MS sufferer Mike Dawson is aiming to become the first person with MS to swim across the English Channel
Swimming for me, like many others, started while at primary school at the local swimming pool. I took to it easily and loved being in the water. A couple of years later I completed my ‘Bronze Survival Badge’ and swam for the school on the odd occasion with all the gusto that a youngster gives to sport. This was spurred on by my dad, who turned heads when in the pool as he had a lower leg amputation, which was an injury from his service in WWII. While seeing a disabled swimmer is commonplace in 2016, in the 70s less so.
But fast forward 30 years and I’d fallen out of love with swimming after losing much of the use of my legs due to suffering from MS, and hadn’t been to a pool for ages.
Then along came the amazing summer of 2012. The Paralympic Games were a real eye-opener for me, but not for swimming. It was the handcycling that blew me away. In particular, it was the story of Alex Zanardi, the ex-F1 driver who had lost both his legs in a racing accident but went on to win two golds in the H5 handcycle, that inspired me.
After that, I found out everything I could about handcycling, where to source a bike and how to get going. Eighteen months later I had a fabulous racing bike and entered the Prudential Ride London Handcycle Classic, where the world’s top 30 handcycle racers take on London. It was quite an incredible weekend in the capital.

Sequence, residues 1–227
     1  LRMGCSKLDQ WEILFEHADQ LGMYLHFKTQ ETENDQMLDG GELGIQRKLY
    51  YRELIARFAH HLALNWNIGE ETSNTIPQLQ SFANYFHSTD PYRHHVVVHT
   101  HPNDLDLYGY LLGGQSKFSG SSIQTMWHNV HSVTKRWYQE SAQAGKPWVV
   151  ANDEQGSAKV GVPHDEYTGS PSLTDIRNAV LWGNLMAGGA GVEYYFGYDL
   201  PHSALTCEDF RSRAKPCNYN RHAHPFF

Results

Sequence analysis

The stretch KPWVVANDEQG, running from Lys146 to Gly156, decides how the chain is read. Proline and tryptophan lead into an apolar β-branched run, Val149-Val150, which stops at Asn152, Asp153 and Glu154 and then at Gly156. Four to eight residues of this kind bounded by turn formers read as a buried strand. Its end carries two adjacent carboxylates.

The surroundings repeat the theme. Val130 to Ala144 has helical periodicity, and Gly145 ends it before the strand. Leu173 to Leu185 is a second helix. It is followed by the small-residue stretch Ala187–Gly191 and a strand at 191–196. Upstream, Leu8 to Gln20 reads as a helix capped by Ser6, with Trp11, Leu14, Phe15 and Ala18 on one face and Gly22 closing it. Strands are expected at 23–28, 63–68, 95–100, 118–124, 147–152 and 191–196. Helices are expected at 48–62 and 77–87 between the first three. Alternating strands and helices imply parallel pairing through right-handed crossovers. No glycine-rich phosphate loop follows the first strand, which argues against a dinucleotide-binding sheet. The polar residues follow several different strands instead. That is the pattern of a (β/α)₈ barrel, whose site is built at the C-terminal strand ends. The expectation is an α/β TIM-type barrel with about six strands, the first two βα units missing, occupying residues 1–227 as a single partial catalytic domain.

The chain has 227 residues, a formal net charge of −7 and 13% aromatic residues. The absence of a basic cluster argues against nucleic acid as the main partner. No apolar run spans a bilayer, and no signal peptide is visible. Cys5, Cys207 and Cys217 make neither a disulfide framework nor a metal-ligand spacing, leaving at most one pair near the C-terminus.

Looking for a wider challenge, triathlon (and more specifically the longer distance Ironman) was calling me. Before I know it, I’m trying to figure out a way to swim without the need for legs. It turned out to be easier than I thought it would be and quite quickly I was comfortable in the water and able to comfortably keep up with the average triathlete. Indeed, lining up alongside a thousand or so athletes on the coast of the Adriatic in Croatia, it was apparent that the swim was the part that held no fear and I really enjoyed it.
By spring 2016 I was looking for yet another new challenge, my own Everest to climb. Clearly an Everest assault isn’t going to happen. Yet, maybe, just maybe, a solo Channel swim is possible? I booked a slot with pilot Stuart Gleeson for September 2017 and set myself a fundraising target of £2000.
I signed up to the Varne Ridge English Channel Swim Training Camp, organised by Tracy Clark and Roger Finch, both Channel swimmers and also veterans of many crossings as support crew. Varne Ridge is famous in the Channel swimming community as it’s the place where so many swimmers stay before their swims. Owners Evelyn and David Frantzeskou go out of their way to make swimmers welcome.
However, despite making the booking, it dawned on me that in the great scheme of things I’ve actually done very little swimming. The apprehension started to build: am I really planning on swimming across the English Channel?
The camp took place in October, which was ideal for me as my swim is booked for the end of September 2017. This meant the sea, light and weather would be as comparable as can be expected. Also my pilot Stuart and his boat, Sea Leopard, were an integral part of the camp, so it was too good an opportunity to miss.
As the camp went on we all achieved some great personal goals, from being able to be in the progressively colder water or just gaining personal experience into what the effects of different foods or nutrition does for you.
On the final evening, we shared our evening meal at the White Horse Inn, the Channel swimmers’ pub. Where else could we have gone? This was an opportunity to reflect on our own goals and chat about the past week with a bunch of new-found friends, whose progress I can’t wait to follow as they follow their own Channel dreams. We could also look back on some very special moments that will certainly help me across the Channel in 2017.